Management of high-level bilateral amputees poses a significant challenge for the
treating parties. Selection of the most appropriate prosthetic components and controls
knowledge of the many options available and the ability to predict which systems will
benefit the user. Long-term follow-up of these individuals is rarely reported. Through
retrospective study it may be possible to identify attributes of prosthetic systems
that have been
successful and incorporate those attributes in future systems. This paper outlines
management of an individual, KF, with traumatic bilateral shoulder disarticulation
over a nineteen-year period.
In 1986, the Prosthetic/Orthotic Clinical Service Department of the Rehabilitation
Institute of Chicago (RIC) and the Rehabilitation Engineering Research Center (RERC)
Prosthetics and Orthotics of Northwestern University began a collaboration to improve
prosthetic fitting of persons with higher-level bilateral amputations. By the time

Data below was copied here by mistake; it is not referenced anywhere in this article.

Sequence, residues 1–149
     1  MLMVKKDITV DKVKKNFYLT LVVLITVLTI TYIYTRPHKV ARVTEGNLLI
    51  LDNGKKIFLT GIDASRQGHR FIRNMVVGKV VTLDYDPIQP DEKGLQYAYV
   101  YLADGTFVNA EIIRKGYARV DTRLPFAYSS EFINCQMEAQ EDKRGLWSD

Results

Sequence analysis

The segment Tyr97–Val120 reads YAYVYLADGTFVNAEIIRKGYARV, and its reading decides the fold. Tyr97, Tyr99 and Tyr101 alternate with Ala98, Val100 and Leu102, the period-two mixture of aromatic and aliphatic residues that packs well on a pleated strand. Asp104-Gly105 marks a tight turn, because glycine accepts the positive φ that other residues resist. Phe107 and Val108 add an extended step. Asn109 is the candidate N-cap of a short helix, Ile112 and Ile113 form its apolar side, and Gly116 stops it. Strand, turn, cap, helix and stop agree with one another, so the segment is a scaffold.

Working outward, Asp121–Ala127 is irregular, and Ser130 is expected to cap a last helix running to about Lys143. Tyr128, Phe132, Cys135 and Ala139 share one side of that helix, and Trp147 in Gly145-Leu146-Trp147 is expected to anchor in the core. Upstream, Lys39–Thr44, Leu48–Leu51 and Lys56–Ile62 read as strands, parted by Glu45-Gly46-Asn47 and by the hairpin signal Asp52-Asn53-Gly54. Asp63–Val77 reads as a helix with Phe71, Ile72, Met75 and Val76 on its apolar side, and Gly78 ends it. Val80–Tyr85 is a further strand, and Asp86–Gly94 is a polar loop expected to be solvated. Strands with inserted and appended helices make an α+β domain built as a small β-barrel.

admission to the RIC, a hybrid fitting concept had been developed using body-powered
electric-powered components in a complementary manner to enhance the function of the
prosthetic system [1,2]. Cable-actuated body-powered components were used on the dominant
side to take advantage of the physiological proprioceptive feedback intrinsic to cable
This prosthesis was used primarily for fine positioning and dexterous object handling
manipulation. Electric-powered components were used on the non-dominant, or assistive,
provide higher gripping forces and greater lifting torque.
Proceedings of the MEC’08 conference, UNB; 2008.
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